On March 17, the heads of major international financial institutions pledged in a joint-statement to coordinate their responses to support Ukraine and neighbouring countries in response to the war in Ukraine, and said that the conflict’s impacts would spread throughout the global economy.
The heads of the International Monetary Fund (IMF), the World Bank Group (WBG), the European Bank for Reconstruction and Development (EBRD), the Council of Europe Development Bank (CEB) and the European Investment Bank (EIB), said: “The entire global economy will feel the effects of the crisis through slower growth, trade disruptions, and steeper inflation, harming especially the poorest and most vulnerable.
Both Russia and Ukraine are big food producers. Ukraine is the world’s biggest producer of sunflower oil, with Russia number two, according to S&P Global Platts. Between them they account for 60% of global production. The two countries also account for 28.9% of global wheat exports, according to JP Morgan.
As we have reported here on Impakter, the war threatens our food worldwide, particularly the developing world, major countries like Egypt and Bangladesh.
Russian supplies of these commodities are being restricted because of the widespread sanctions, which make it hard for the rest of the world to buy its products. Ukrainian supplies have been stopped, because fighting has closed the country’s ports.
“There’s no way to adjust quickly enough to the loss of supply from Ukraine and from Russia, and so that adds to prices,” said World Bank Group President David Malpass.
The financial institutions have each responded with emergency support to Ukraine and its neighbours. The EBRD has approved a “War on Ukraine – EBRD Resilience Package”, initially sized at EUR 2 billion, to respond to the immediate needs of the people affected by the war and – when conditions permit – support the substantial reconstruction of Ukraine. The EBRD will also be prepared to take part in a reconstruction program for Ukraine, to rebuild livelihoods and businesses; restore vital infrastructure; support good governance; and enable access to services.
The EIB has prepared an emergency solidarity package for Ukraine of EUR 2 billion, including the provision of EUR 668 million in immediate liquidity assistance to the Ukrainian authorities. The Bank is also accelerating the delivery of an additional EUR 1.3 billion for infrastructure projects.
The CEB has provided emergency grants to Ukraine’s neighbouring countries to cover immediate needs of refugees, including transportation and orientation. The amount is relatively modest, five additional grants worth almost €2.6 million coming from CEB’s Migrant and Refugee Fund (MRF) and directed to the country offices of the International Organization for Migration (IOM) in Hungary, Republic of Moldova, Poland, Romania and Slovak Republic – precisely the CEB member countries that are recording substantial refugee inflow from Ukraine.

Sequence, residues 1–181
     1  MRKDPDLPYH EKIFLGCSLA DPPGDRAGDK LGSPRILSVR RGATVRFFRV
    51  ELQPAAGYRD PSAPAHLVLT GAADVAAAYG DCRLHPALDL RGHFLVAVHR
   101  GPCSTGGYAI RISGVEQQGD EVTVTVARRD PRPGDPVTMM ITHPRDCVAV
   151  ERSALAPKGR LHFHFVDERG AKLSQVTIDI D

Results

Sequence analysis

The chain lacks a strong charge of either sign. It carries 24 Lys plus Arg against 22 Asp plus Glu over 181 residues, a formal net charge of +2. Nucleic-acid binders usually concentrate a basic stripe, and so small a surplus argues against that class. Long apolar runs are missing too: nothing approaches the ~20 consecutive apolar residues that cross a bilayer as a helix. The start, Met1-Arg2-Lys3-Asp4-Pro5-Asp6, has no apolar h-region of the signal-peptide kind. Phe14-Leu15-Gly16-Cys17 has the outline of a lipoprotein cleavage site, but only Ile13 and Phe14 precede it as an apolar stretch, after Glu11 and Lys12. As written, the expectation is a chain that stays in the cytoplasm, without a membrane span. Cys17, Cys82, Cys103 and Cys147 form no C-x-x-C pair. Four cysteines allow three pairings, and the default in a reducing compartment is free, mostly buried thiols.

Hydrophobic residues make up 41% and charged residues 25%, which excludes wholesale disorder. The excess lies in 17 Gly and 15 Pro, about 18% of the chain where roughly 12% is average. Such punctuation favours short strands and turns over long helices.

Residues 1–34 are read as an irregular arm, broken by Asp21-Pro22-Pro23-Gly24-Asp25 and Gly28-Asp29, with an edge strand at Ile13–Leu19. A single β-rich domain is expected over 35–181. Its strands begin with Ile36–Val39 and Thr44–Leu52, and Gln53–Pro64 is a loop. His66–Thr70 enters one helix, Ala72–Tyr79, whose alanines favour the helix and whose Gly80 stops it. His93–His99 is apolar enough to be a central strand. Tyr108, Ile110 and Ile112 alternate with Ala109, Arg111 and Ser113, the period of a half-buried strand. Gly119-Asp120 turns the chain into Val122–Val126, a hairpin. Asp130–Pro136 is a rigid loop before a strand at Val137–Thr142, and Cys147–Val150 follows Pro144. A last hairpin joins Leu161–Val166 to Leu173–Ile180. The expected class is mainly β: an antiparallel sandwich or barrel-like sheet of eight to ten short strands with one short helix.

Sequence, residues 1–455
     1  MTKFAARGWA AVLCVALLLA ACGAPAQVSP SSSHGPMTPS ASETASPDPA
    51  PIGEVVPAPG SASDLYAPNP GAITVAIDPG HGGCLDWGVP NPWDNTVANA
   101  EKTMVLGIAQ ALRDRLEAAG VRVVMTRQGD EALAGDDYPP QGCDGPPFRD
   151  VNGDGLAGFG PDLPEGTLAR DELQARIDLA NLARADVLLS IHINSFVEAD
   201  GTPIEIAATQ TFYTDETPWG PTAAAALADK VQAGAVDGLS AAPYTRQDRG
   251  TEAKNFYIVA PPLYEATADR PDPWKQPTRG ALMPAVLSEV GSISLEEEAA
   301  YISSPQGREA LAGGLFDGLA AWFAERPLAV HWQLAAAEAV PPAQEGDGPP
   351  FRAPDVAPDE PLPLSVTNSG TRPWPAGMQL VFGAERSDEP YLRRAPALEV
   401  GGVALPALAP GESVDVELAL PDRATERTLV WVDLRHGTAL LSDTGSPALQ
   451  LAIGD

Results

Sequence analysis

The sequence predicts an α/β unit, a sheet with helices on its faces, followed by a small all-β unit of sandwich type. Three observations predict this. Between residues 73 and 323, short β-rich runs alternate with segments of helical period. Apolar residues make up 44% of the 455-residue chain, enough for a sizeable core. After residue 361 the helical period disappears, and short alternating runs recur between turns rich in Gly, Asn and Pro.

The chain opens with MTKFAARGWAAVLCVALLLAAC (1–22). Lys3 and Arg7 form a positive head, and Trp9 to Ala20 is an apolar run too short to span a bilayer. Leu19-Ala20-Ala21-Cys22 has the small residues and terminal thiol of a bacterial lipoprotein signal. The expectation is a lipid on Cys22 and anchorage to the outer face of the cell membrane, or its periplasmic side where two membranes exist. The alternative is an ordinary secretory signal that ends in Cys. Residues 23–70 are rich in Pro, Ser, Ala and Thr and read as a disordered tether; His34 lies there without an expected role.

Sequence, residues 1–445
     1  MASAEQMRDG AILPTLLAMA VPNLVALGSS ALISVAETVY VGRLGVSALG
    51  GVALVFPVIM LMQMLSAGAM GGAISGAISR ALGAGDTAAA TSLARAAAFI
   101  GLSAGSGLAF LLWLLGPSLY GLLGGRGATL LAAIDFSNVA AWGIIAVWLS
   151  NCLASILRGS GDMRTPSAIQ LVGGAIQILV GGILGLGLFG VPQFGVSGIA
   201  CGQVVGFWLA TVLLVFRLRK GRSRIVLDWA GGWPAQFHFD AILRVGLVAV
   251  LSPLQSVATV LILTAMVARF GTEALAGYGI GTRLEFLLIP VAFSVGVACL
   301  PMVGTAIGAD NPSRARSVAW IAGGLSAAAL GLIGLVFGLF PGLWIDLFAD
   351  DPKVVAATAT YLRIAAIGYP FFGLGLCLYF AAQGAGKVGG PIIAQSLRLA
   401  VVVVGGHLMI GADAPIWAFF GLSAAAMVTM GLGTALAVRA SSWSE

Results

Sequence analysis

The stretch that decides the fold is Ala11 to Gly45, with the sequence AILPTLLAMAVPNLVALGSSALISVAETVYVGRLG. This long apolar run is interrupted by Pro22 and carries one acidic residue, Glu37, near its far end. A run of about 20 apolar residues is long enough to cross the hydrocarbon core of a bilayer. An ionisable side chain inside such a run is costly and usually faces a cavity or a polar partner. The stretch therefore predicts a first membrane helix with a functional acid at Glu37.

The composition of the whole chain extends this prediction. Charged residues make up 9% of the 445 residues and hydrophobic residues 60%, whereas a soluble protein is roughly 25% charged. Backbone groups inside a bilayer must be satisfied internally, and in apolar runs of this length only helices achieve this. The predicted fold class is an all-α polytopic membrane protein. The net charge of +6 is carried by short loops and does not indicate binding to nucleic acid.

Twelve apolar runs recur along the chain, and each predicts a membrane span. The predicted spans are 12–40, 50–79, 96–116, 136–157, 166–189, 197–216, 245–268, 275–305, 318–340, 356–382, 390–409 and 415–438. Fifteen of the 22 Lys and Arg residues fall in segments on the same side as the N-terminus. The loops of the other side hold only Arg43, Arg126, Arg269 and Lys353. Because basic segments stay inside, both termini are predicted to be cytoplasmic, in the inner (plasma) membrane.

The IMF disbursed emergency assistance of US$1.4 billion to Ukraine on March 9 under the Rapid Financing Instrument (RFI) to help meet urgent financing needs including to mitigate the economic impact of the war.
The WBG has already mobilised more than US$925 million for Ukraine, including fast-disbursing budget support to help the government provide critical services to Ukrainian people. The World Bank also set up a multi-donor trust fund (MDTF) that is among the most rapid, targeted, and secure mechanisms to facilitate channelling grant resources from donors to Ukraine, with contributions of US$145 million so far. “This rapid support will help to bridge those gaps during a time of extreme disruption as we work on broader support efforts for Ukraine and the region,” said Mr Malpass.
The financial institutions acknowledge the importance of working together in order to support Ukraine and its neighbours. “We are committed to strengthening international cooperation and solidarity in the face of this enormous challenge”, concludes the join-statement.
The total funding unblocked by international financial institutions in favour of Ukraine is over $8 billion so far, with the World Bank accounting for some $4 billion and the EIB for EUR 2 billion (approx. $ 2.2 billion). But more is sure to come.
Editor’s Note: The opinions expressed here by Impakter.com columnists are their own, not those of Impakter.com. In the Featured Photo: War in Ukraine. Featured Photo Credit: Flickr.